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What do Employers look for in a CV?


Relevant experience

When an employer puts up a job advertisement, most often the employer knows what he or she is looking for. The position and job scope are articulated, and the required skill sets, listed. If you are responding to a job advertisement, you need to present your CV so that it would capture the employer’s interest, by demonstrating that you understand the job requirements and that you do in fact, have the relevant qualification and experience to fulfill that role. So, before you even begin to respond to any of these advertisements, you need to filter out and choose only the roles that match what you have to offer. Therefore, the keywords here are ‘relevant work experience’. Relevant experience would refer to the type of industry you have been in, level of experience, specific skills that you have acquired, and even internship experiences that you have accumulated.

If an employer is looking for a software programmer who understands the business requirements, whereas your experience lies with the business as an analyst who designs the user requirement architecture, then you would not be able to fulfil that role to develop codes and software.


Duration of each employment

Next, the employer looks at how long have you stayed with one organisation. If you are constantly changing jobs every 6 months, it sounds the alarm bells that the candidate may not have the interest or tenacity to stay in a job for too long. Recruitment and hiring is a tedious process. It does cost time and money. So, if an employer would like to hire someone, the preference is for the right candidate to be appointed, who would have the propensity to stay on at least a year. So, in order for you to let the employer know that you have a good track record, be sure that you include your work experience with the duration specified in each line of information. For e.g., if you had taken up a role as a Trainee for six months, be sure that you indicate that you started in January 2020 and ended in Jun 2021. If you are currently still employed, state the start date i.e. July 2021 till current.

So beware, employers will look out if you have gaps in your employment history. The more gaps, the less impressed the employer will be. Employers don’t like ‘job hoppers’. Therefore, it is always wise to include a cover letter with you when you are submitting your résumé. In the cover letter, you should explain the reason for the gaps.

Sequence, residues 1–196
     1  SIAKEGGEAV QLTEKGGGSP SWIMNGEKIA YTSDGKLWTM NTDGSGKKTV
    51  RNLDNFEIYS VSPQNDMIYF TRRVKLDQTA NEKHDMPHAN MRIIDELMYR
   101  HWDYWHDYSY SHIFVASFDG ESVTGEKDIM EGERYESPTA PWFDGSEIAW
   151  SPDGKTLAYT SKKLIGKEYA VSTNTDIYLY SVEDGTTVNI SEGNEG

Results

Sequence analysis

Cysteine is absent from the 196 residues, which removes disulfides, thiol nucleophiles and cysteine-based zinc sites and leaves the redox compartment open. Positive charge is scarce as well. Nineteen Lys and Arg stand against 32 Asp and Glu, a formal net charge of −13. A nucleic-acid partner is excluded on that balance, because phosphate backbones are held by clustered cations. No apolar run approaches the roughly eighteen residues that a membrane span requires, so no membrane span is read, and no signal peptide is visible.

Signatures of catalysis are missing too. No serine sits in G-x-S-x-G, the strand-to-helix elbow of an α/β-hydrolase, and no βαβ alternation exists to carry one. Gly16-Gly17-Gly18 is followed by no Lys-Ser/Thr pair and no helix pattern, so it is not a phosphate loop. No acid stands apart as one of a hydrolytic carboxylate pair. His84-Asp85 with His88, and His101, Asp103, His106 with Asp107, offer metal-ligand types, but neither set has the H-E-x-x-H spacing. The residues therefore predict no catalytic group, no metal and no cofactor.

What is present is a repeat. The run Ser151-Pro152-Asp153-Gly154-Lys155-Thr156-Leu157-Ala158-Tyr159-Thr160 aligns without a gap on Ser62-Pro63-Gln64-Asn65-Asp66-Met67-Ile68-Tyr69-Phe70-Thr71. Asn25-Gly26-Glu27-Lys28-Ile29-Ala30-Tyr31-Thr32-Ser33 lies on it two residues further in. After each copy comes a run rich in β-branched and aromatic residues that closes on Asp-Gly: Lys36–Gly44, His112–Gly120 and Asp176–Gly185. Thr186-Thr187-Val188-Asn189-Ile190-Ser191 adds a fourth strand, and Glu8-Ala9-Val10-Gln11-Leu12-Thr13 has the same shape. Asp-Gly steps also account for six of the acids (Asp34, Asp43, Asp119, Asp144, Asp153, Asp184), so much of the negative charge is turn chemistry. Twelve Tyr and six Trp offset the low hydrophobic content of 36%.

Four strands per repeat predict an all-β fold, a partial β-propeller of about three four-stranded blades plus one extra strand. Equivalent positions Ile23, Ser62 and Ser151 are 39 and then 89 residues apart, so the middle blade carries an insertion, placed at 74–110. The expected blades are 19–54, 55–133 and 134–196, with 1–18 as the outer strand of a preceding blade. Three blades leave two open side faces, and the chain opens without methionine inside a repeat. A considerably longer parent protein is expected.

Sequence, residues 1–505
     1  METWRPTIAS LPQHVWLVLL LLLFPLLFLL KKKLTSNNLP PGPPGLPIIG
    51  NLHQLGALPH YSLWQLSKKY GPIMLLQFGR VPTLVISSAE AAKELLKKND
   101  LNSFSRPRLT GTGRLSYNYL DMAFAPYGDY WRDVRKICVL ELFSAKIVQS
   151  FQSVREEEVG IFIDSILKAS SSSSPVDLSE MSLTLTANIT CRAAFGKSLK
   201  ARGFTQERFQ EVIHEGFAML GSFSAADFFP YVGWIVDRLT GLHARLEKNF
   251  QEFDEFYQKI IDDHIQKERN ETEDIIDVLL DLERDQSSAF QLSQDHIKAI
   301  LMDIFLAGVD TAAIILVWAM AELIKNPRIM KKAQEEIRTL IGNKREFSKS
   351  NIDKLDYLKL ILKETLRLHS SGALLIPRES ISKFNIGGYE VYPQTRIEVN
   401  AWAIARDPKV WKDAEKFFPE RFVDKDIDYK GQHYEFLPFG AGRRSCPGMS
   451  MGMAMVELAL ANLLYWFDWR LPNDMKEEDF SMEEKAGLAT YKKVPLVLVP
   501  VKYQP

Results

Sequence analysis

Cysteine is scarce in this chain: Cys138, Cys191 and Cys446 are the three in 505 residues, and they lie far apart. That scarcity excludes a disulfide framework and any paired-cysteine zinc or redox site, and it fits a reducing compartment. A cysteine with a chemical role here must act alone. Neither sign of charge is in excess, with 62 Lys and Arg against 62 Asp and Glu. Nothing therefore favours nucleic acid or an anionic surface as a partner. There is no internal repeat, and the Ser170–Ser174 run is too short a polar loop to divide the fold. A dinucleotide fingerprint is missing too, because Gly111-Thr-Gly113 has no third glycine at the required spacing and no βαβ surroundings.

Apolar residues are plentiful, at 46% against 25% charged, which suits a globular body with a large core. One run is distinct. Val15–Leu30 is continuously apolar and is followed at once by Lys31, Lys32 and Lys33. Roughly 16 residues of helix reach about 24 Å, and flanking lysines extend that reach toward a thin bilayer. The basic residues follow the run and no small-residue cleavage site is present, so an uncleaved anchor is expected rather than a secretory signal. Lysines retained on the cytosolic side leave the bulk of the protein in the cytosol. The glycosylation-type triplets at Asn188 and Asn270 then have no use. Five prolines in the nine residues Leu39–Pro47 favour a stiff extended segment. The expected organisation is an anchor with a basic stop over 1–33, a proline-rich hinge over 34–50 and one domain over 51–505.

Academic background

For some jobs, the qualification sets the minimum criteria for consideration. For e.g., if a company is looking for a Graduate Accountant, the candidate must possess a Bachelor of Business in Accounting. And therefore, if you are applying for the position, you need to know that your qualification can back you up. However, the job market can be a bit of a tumultuous marketplace. You should know what the employer is after. You do not need a CPA or an MBA holder or an accounting graduate to fill the role of a bookkeeper. So, avoid using your CV as a register for your scholastic achievement. You may frighten away your potential employer.


Referees

The most disrespectful behaviour observed through looking at a CV is when a candidate states that “Details of referees will be provided upon request”. Most employers would just park this CV at the door. The right thing to do is to provide 2 work-related references and 1 character reference. Recommended work referees are your supervisor and above in your previous employment. The candidate can use a relatively senior person as the character referee from the school or institutions, a community leader or an elder from a religious establishment. The ability to list the contacts shows that you are confident about your employment history and your general work ethics.

Highlights

At any one time, an employer who has launched a recruitment campaign can receive over hundreds of CVs. What would make yours stand out? Have your picture professionally taken, rather than have a profile picture from your social media platforms. At the same time, align your information presented your CV to your LinkedIn profile. Your CV shouold be concise, highlighting your skills and experience in a good 2-pager document. Highlight your corner of your page with a darken print, or use a different paper texture if you are sending in a hardcopy CV. Do whatever it takes so that the person who picks up your CV can put a face to the name and remember you easily.


Remember, your CV will give the employer the first impression about you. It’s your marketing tool sum up in a document for you to gain access to the next steps. Don’t ruin that opportunity. Remember to perform a round of spellcheck, get your punctuations right and review your grammar. There are tools out there that can help you in almost an instant, like Grammarly.

Have a go! If you need help, just drop us an email and we can get our Career’s Team to give you our feedback.


info@blueeducation.com.au

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